Twitter Plot Summary: William, a peasant squire, takes his dead master’s armour and seeks fortune and glory in the world of jousting.
Director: Brian Helgeland
Key Cast: Heath Ledger, Mark Addy, Alan Tudyk, Rufus Sewell, Paul Bettany, James Purefoy, Shannyn Sossamon, Laura Fraser, Berenice Bejo, Christophre Cazenove, Steven O’Donnell
Five Point Summary:
1. Queen in Medieval times? Oh hell yeah.
2. Training montage!
3. Did he just say he was going to see a man about a dog? Hah.
4. Obligatory villain “practising sword-fighting without his top on” scene.
5. And the even more obligatory final, almost impossible showdown with said villain.
A Knight’s Tale stars Heath Ledger, sporting his best English accent and is another example of what the acting world has lost – an incredible talent. Taking us back to the world of jousting, honour, and a lack of fresh running water, we join squires William (Ledger), Roland (Addy) and Wat (Tudyk) moments after their lord has died in his armour. Realising that they can make a bit of money out of the whole jousting thing, William dons the armour of his lord and takes his place in the arena. Naturally, he’s not very good to begin with, but after a fun training montage he has all the necessary skills in which to compete. He’s also a dab hand in a sword fight. Rather handy traits to have. In their bid to finally get back to England (they’re in France, as it happens), the group follow the jousting circuit as it slowly winds its way north.
Concessions have to be made of course in some areas. Villain Count Adhemar is a barely drawn character, villainous for villainy’s sake. He’s easily defined as the bad guy because he’s the one who dresses in black the entire time. Our troupe of heroes are more clearly defined – William is the young man who’s father sent him away as a child to seek his fortune – the economy apparently hasn’t improved much since the medieval period. Sidekicks Roland and Wat have little depth beyond being incredibly loyal to William, but both Mark Addy and Alan Tudyk put enough into them to at least make them a fun presence. The real fun comes from Paul Bettany’s Chaucer, a man with a gambling problem but an incredible talent with words. Such a talent in fact that he is able to build up William’s public appearance simply through is wordy and verbose descriptions of him before every jousting tournament. Chaucer is by far the funniest character of the bunch and Bettany clearly has a good time playing him. The only remaining character in the group is Laura Fraser’s Kate, a female blacksmith. Unfortunately she’s nowhere near as developed a character as her Lydia from Breaking Bad, so her only real contribution to the story is fancy armour for William and teaching him how to dance. No barriers are being broken down here.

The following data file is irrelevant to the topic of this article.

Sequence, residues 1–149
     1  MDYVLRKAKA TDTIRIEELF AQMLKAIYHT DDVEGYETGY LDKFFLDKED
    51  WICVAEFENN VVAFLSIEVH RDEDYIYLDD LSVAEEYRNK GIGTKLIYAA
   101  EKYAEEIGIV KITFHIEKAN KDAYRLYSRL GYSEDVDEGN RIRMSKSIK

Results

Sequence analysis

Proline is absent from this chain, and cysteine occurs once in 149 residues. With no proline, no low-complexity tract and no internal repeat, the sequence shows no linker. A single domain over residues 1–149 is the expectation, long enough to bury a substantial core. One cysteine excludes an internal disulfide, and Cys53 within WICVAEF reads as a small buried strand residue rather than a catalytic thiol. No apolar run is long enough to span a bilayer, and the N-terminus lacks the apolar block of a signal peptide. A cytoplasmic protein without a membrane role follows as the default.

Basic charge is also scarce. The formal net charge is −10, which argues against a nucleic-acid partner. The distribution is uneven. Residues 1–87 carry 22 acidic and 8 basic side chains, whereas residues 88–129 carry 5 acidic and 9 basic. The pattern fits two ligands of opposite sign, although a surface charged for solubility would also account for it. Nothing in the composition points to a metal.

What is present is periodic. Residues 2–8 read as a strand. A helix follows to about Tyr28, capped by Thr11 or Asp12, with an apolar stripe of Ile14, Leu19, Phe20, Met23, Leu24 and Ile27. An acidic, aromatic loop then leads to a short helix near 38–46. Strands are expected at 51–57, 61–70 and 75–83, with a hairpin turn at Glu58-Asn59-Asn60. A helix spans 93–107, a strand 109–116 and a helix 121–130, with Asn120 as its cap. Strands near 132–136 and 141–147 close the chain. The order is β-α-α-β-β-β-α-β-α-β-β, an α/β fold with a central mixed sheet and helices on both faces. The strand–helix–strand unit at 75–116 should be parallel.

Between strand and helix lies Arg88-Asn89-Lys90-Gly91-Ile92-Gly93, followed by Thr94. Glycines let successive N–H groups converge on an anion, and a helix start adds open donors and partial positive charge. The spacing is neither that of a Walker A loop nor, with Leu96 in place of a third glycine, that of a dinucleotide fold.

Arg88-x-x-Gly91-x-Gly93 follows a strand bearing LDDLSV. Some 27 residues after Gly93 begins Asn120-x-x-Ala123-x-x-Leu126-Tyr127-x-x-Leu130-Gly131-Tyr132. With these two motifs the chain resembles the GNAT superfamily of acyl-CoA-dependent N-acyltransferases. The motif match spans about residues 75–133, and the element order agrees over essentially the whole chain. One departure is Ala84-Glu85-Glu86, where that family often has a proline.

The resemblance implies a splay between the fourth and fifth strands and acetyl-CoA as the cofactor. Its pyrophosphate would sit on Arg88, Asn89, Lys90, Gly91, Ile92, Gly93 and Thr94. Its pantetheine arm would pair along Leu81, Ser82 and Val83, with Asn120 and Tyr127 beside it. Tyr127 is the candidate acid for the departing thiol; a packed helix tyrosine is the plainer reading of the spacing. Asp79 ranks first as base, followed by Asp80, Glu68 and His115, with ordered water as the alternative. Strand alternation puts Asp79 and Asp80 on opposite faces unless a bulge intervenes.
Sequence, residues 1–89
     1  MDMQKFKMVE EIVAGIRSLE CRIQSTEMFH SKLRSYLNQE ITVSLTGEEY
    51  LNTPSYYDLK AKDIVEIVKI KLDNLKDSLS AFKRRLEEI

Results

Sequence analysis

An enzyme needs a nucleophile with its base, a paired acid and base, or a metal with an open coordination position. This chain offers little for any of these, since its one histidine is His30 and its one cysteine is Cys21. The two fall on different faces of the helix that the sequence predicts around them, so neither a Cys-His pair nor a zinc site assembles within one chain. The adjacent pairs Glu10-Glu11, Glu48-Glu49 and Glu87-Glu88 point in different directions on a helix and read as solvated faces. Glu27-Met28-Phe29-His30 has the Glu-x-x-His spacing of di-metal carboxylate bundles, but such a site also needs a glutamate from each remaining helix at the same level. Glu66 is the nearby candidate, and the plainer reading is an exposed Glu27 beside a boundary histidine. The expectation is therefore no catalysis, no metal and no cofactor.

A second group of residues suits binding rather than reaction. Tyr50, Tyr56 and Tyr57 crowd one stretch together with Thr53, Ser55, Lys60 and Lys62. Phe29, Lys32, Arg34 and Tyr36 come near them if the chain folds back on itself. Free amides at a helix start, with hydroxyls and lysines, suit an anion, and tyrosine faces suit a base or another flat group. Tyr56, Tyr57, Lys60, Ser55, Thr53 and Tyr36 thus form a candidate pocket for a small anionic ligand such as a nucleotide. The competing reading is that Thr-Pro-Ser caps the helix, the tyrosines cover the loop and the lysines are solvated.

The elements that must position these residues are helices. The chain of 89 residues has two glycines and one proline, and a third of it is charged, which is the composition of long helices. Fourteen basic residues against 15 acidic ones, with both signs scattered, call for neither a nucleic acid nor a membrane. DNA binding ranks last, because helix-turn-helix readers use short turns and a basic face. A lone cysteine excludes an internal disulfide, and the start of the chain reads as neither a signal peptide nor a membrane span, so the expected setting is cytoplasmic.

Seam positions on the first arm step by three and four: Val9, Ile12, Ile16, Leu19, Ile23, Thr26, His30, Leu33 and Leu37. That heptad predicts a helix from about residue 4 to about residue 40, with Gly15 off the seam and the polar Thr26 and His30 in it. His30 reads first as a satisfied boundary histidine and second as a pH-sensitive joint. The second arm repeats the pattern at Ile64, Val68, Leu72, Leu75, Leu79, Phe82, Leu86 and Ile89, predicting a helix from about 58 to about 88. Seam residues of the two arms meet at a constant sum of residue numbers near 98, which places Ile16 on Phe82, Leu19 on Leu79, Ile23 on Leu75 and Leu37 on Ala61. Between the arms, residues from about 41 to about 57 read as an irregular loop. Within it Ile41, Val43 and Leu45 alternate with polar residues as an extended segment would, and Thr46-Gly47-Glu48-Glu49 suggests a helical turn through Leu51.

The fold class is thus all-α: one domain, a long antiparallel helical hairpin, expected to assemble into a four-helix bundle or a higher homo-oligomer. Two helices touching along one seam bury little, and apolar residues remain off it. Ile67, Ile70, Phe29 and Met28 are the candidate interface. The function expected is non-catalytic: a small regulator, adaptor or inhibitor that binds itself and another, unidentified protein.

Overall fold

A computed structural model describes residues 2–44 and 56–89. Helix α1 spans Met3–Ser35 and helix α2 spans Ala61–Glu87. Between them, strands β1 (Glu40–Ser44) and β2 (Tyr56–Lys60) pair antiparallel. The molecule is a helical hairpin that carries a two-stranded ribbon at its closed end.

Whilst Adhemar is busy plotting evils against our William, the main theme is that you don’t have to be born into power in order to be a noble and brave person. Pretty standard stuff in that respect, but it’s not something we’re bludgeoned over the head with. William finds love with the regal Jocelyn, although this is complicated by Adhemar’s slimy advances on her. It’s further complicated by William’s complete lack of understanding with how women work – first she wants him to fight, then she doesn’t, then she does, etc. Sounds like too much hard work to be honest… It might not be historically accurate, but it’s a lot of fun and captures the feeling of how jousting was looked upon in the medieval era, the equivalent to a rock concert today. Rather cannily director Brian Helgeland uses modern music (including the regal majesty that is Queen) to enforce on modern audiences the emotional reactions of those living in that era of history. If nothing else it’s great to see a “medieval” audience rocking along to We Will Rock You. This film also emphasises how ginger Alan Tudyk really is. Seriously, it’s a scarily red mop of hair atop his bonce, so it is.
Favourite scene: Chaucer’s verbose introduction of William to the masses.
Quote: “We’re the sons of peasants. Glory, and riches, and stars are beyond our grasps. But a full stomach, that dream can come true.”
Silly Moment: Chaucer’s propensity for nudity, intended or otherwise.